Big Data Starts with Data Management

Over on the Obsessive-Compulsive Data Quality blog, Jim Harris recently wrote:

 While organizations of all sizes are rightfully excited about the business potential of using big data, this excitement needs to be balanced by acknowledging the business risks associated with not governing the ways big data is used.

Well said.

Many organizations have been caught up in the ‘hype’ of big data. The good thing – the hype behind big data is generally driven by real-world success from organizations using big data. That said, there are risks involved in big data projects.

There are risks on the input side (the data that you use) and risks on the output side when you don’t understand the context of the data you are analyzing. To be successful ‘doing’ big data, organizations need to understand the inputs and outputs of big data. Starting with data management will help mitigate these risks since a good data management approach allows organizations to keep data quality in mind from the beginning of a big data project.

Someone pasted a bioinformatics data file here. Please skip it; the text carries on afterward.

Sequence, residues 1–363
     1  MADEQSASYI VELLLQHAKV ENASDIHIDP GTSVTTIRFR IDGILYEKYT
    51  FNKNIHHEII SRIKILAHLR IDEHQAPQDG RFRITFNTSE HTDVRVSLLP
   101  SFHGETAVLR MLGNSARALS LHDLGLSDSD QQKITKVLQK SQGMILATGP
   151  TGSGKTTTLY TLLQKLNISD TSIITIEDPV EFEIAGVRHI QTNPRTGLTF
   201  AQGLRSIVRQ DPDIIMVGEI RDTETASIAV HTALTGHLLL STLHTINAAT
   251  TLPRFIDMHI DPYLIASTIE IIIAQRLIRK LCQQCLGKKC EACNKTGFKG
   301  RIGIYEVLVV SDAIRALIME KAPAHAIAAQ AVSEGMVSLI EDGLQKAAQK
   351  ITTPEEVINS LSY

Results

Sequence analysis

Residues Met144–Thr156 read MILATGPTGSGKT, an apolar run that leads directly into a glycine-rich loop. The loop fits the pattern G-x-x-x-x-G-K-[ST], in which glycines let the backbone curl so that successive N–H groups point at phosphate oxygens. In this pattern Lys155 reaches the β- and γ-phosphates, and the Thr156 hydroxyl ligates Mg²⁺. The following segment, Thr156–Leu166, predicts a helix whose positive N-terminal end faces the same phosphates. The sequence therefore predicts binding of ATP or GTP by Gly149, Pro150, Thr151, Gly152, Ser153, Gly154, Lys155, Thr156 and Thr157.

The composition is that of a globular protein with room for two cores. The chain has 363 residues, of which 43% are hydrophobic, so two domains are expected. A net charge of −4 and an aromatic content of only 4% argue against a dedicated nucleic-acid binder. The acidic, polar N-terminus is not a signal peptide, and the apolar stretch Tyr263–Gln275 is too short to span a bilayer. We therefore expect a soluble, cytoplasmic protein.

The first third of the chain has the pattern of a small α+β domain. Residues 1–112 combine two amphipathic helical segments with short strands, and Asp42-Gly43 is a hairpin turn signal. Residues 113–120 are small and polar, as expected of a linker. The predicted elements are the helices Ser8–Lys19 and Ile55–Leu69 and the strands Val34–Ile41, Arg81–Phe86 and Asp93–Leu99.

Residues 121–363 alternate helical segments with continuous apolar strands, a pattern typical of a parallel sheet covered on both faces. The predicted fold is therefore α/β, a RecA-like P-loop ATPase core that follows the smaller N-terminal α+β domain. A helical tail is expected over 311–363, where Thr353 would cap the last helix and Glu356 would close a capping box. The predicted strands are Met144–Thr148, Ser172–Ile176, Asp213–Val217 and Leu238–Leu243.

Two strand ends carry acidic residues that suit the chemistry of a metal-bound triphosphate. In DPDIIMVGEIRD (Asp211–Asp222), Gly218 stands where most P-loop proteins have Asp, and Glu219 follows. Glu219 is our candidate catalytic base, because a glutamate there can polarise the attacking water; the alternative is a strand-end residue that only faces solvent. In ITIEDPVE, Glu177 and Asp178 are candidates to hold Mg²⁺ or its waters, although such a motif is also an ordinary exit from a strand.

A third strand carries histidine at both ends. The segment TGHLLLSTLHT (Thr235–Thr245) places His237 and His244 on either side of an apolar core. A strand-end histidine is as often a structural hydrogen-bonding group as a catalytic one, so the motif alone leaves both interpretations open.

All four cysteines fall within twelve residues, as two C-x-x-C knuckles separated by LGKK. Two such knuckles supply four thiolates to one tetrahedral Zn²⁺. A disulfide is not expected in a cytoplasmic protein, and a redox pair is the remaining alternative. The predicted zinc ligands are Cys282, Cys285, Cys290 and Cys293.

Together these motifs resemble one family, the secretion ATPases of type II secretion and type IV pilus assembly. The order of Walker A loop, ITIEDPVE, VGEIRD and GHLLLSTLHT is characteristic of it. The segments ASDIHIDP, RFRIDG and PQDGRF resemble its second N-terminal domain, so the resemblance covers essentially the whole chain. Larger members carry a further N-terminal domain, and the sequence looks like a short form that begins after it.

Starting with data management and data governance helps you understand and ‘control’ your data and eliminate risks from the outset. Additionally, governance allows you to manage multiple aspects of your data including how/when data is collected, who has access to data and how your data is archived.

When approaching big data projects, many consultants and vendors will talk about many aspects. They’ll talk about the value big data can bring. They’ll talk about systems and analytical approaches. Some may talk about statistics and visualizations. Before you dive in too deeply into any of these necessary topics, make sure to ask these same folks what they are proposing for data management and data governance.

IBMThis post was written as part of the IBM for Midsize Business program, which provides midsize businesses with the tools, expertise and solutions they need to become engines of a smarter planet. I’ve been compensated to contribute to this program, but the opinions expressed in this post are my own and don’t necessarily represent IBM’s positions, strategies or opinions.

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